Request a Catalog
“Hero” by Erin Walker
This is a poem written by Erin Walker who is engaged to Sgt. Justin D. Cox. (His Unit are Combat Engineers based out of Folsom, Pa.). Justin is a Reservist who recently went active with the Marines, as he feels this is his calling to serve his Country. Shortly after returning back home from his 2nd tour in Iraq (10-04) Justin had seen the ultimate…the loss of brothers and one badly wounded from a daisy chained car bomb while out on patrol. (Justin had served 2 tours in Iraq and not yet reached the age of 21). His fianc?, Erin Walker, was going to college and was given an assignment from her English Literature class. Not to get political, her assignment was to take any opening line from poet Allen Ginsberg, and then finish the poem with any topic of her choice. The attached ending to his poem, "Howl" is her work. It is her desire to honor her friends and fianc?'s 'brothers' who have either given their all or were wounded in the War in Iraq.
Some added notes about Sgt. Cox and his family:
- Justin's love for the Marines started when he was a young boy and joined the Marines youth division called the Young Marines (based in Folsom, Pa.) and excelled in knowledge and rank with them.
- Justin admired his late uncle, a Marine. (His sisters husband)
- Justin's grandfather (mother's father) was Staff Sergeant J. J. Garvey, a vet of WW II and Korean War. He was the first Commandant of VFW Post Dutch Hewlig, Roxborough, Pa.
- Joan L. Karr, Justin's mother, was a female XO (Marines) for 11 years, and recognized for her work with them. Her late husband was a vet serving with the USCG during Viet Nam.
- In between tours of duty in Iraq, Justin attended college, with good grades.
- Justin lives, eats, thinks, sleeps the Marine way and is an excellent example of the pride that is so highly spoken of about the United States Marine Corps.
- Even though I did not serve our Country in the Military, one thing I learned very fast & respectfully was the way the Marines are proud of who they are & what they represent. So you already know how I can go on bragging about Sgt. Cox but feel you know the pride I have in having met Justin and soon to be even prouder to call him my son, not that I am not already doing so!
Thank you for your time and consideration of printing this poem written out of love, respect, and admiration to 'brothers' by a soon to be Marines wife.
James M. Quinlan
Proud Dad of a Marine
I've seen some of the best minds of my generation, shipped into
Planes, 24 hours notice given,
Same dress, same hair, same fears.
Boys being turned into men in a matter of days, men
Turning older with the dust.
With guns in hand, and letters and pictures of girls at home,
In pockets, kept close to heart, a thought of them
Would subside all fears for that day alone.
Angels above, watching them during convoys,
Talil, Fallujah, Baghdad, Camp Victory, Camp
Anaconda, they've all run together now, letters pouring in
From cities and camps whose names I can not pronounce
even though I've tried.
Uncle Sam this ones for you.
I watched you tear from me, my heart, sending him over again,
Tour Number Two of the retched desolate country
War Torn and wrecked.
15 months overseas, 20 years old, tell me how this sounds right to you.
I watched you tear from me, my childhood friendship, watching
Him grow into a Man my best friend and confidant,
Ripped from me to fight this war, this never ending war.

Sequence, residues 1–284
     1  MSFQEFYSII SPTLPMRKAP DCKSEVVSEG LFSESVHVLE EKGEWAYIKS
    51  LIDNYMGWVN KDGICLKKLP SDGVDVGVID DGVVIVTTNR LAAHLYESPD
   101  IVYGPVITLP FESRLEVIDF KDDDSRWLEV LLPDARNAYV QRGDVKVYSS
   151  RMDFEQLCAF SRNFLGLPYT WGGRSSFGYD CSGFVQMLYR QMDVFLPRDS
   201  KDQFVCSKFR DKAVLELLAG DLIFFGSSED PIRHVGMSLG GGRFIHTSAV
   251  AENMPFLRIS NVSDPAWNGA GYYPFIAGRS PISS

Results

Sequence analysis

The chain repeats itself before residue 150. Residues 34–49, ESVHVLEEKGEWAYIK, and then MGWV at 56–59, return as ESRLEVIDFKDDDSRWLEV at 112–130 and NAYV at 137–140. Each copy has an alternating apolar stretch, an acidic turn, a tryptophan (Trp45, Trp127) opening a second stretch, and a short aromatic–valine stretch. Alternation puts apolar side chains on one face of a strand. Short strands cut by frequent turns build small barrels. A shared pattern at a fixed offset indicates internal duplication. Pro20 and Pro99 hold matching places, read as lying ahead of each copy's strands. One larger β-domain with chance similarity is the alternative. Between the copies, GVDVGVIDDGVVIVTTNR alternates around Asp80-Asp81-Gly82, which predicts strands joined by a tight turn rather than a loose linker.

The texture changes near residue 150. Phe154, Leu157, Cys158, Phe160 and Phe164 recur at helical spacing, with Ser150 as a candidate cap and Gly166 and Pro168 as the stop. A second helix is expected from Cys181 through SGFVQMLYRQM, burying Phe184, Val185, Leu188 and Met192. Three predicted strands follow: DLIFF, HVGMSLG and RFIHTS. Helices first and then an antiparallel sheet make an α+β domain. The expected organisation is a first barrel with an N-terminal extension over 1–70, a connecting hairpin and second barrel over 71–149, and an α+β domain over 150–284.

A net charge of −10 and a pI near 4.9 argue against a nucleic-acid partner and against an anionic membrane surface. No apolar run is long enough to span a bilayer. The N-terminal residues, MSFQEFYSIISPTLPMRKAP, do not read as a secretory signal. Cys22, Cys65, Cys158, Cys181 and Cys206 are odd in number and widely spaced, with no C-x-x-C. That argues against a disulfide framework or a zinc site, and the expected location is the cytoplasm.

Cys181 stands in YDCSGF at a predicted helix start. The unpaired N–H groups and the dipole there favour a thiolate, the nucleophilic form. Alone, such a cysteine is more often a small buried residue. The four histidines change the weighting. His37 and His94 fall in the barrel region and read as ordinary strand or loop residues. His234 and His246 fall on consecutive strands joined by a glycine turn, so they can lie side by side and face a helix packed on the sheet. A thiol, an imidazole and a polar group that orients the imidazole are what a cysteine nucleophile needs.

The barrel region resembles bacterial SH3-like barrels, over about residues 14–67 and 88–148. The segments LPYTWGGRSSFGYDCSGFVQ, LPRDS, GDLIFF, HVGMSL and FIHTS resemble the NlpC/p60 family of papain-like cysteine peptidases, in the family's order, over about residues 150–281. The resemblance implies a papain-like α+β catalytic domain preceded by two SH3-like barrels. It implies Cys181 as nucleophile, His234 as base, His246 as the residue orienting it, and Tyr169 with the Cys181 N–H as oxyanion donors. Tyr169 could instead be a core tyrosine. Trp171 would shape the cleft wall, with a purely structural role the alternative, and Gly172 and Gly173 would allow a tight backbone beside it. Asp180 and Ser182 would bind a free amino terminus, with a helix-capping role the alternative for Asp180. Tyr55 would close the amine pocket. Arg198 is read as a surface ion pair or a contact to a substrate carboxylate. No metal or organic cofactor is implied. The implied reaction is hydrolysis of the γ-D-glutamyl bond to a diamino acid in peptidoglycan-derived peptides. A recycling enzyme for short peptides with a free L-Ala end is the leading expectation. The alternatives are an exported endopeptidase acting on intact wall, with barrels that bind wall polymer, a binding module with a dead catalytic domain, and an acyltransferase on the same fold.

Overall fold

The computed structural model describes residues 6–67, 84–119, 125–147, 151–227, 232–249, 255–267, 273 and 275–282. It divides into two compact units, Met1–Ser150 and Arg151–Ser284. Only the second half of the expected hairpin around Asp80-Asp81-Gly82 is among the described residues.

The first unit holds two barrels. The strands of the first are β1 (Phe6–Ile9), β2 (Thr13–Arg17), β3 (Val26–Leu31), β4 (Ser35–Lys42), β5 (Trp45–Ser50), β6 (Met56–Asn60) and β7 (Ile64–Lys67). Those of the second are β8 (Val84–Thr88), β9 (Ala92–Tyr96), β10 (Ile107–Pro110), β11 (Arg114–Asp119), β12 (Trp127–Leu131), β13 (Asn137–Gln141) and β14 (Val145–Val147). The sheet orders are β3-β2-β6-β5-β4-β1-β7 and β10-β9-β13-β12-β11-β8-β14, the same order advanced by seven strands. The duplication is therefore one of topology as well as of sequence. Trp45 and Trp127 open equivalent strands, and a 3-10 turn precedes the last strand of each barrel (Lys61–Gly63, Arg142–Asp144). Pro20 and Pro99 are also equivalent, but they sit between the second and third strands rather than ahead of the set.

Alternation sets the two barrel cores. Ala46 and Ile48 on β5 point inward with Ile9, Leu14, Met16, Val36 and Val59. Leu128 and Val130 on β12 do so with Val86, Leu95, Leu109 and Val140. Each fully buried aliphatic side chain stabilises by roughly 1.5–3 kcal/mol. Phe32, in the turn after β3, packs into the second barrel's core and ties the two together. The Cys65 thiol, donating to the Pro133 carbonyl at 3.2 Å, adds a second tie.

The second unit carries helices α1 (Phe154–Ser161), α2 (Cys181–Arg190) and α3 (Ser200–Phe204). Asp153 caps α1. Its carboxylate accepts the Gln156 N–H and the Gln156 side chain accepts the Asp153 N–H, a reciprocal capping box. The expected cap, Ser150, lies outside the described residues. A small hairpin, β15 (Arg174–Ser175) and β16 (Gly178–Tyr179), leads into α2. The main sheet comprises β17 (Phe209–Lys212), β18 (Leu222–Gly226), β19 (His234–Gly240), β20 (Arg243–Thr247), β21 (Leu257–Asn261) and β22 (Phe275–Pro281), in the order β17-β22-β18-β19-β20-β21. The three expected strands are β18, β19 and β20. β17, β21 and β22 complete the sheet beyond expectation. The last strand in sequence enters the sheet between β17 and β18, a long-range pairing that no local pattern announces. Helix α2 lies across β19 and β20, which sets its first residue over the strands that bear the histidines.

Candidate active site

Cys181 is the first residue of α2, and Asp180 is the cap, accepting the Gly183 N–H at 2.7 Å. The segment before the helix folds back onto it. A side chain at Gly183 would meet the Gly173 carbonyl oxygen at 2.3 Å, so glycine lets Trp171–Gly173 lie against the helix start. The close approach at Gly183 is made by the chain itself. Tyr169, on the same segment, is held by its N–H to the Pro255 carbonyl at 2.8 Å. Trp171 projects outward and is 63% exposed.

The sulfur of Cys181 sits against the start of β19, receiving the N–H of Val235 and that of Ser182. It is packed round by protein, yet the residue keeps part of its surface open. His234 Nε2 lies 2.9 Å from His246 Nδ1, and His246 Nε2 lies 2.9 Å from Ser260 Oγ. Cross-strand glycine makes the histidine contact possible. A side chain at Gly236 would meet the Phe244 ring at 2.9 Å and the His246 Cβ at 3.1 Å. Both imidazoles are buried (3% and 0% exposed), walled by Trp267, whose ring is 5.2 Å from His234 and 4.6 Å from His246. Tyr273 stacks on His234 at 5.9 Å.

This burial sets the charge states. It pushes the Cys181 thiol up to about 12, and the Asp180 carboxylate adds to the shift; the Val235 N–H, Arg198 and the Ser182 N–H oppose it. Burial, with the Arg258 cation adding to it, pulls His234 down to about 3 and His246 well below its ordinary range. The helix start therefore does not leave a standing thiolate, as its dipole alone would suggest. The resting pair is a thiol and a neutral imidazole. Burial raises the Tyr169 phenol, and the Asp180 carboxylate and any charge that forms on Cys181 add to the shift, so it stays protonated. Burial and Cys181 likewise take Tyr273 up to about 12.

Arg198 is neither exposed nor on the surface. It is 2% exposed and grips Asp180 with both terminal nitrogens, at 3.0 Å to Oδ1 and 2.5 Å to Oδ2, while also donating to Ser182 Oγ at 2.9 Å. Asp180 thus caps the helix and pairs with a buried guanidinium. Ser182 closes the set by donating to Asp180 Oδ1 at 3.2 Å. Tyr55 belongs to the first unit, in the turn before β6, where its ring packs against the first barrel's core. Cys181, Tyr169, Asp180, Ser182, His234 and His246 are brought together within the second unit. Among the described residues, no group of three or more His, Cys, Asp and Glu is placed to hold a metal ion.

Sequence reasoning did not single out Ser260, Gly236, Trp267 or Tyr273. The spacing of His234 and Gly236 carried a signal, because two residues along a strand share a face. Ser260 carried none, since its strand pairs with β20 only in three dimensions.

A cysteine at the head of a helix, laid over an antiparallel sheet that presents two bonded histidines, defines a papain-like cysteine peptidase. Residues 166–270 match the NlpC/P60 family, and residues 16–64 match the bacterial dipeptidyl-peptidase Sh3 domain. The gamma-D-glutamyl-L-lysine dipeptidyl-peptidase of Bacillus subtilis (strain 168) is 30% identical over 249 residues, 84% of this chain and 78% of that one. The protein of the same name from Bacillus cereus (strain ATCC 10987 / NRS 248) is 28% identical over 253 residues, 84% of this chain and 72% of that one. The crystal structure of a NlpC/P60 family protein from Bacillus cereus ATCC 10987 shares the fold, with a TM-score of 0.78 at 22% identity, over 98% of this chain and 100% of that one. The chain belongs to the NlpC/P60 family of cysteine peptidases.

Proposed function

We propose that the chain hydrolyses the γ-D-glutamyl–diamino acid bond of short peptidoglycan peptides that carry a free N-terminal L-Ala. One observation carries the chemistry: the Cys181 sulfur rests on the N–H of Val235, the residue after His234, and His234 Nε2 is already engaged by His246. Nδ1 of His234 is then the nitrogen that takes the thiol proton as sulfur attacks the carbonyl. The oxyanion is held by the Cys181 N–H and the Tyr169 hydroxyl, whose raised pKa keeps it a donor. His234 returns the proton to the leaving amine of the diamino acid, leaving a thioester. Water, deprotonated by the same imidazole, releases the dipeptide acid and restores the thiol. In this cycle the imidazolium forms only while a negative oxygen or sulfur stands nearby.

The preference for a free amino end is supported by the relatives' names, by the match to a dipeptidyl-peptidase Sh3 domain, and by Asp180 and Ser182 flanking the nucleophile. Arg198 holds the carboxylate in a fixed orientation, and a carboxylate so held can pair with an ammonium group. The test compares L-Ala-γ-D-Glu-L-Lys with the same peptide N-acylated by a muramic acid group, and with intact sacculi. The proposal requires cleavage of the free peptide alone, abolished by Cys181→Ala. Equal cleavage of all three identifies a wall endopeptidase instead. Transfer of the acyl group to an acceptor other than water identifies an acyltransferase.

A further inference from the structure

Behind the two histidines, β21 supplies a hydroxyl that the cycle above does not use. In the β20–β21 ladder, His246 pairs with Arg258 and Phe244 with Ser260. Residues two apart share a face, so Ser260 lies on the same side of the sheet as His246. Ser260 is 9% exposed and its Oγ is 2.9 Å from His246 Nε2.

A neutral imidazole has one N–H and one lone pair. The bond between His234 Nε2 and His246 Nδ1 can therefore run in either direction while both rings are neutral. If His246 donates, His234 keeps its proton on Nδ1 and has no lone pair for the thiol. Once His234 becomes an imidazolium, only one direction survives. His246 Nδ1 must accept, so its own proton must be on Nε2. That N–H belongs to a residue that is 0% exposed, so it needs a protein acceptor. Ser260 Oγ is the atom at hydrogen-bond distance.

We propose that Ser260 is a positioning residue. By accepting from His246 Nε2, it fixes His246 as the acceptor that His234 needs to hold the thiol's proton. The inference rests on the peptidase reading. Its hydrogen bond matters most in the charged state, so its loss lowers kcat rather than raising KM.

These men, these boys, these babies ripped from family, friends, from reality.
Sent there, to fight another reality, not just your reality Big Brother,
But now their ownshoot, don't shoot, duck don't duck
Look at your Commanding Officer, covered in blood. Purple Heart for sure.
Come home to see the looks you get,
Looks from people who will never understand
Images burned into memory, seen every time eyes are closed
Every time sleep is attempted.
Sleep in bed, lovers arm attempting to fall across chest
All that is imagined is the Iraqi Insurgents coming to murder in sleep.
It may not be right, it very well might be wrong
This is War. Support the troops, screw the reason for fight.
Some people just don't understand, they don't feel the pain to look
At Sgt. Crawford's face, a pockmarked portrait of a man,
Glass etched scars will forever remind him of that fateful day in July.
Purple Heart yes, but he doesn't care, that doesn't matter in real life.
The gravestones of Sherman, Todd, and Adle, always bring comrades to their
Knees, tears flowing freely, not just boys now, not just men.
But Brothers, brothers forever, brothers through
bloodshed (both theirs and the other guys), fought
beside each other in war, and stay
Beside each other in life after Iraq.
The best minds of my generation have been shipped off
To fight, to care, to uphold what we are, to never forget,
Brothers never die, they instead wait for each other there,
To Hell for killing, or to Heaven for protecting the lives
As the dust flows, swimming into their nostrils and lungs, like the
Visions of their girls at home, waiting for their return
To them, U.S. has more meaning when M.C. is attached
A life, a choice, a decision, a
A weapon, a grenade, a fear, an Iraqi hidden behind a wall, sight
Trained to the name tape sewed
on his chest, to the right of his heart, where blood
pumps through his veins, to the tune of fear
in his heart and mind.
Date Eligible For Return From Overseas, coined in Vietnam
Hoped for in Iraq.
To only know the day, the time, the truth they will be coming home
Not in Pine, but in Flesh.
Heroes in their own right, a job not many
Chose to partake, earning respect of most,
Fear of some, and acknowledgment of few.
I've seen the best minds of my generation shipped into
Planes, to prove to us
What American really means.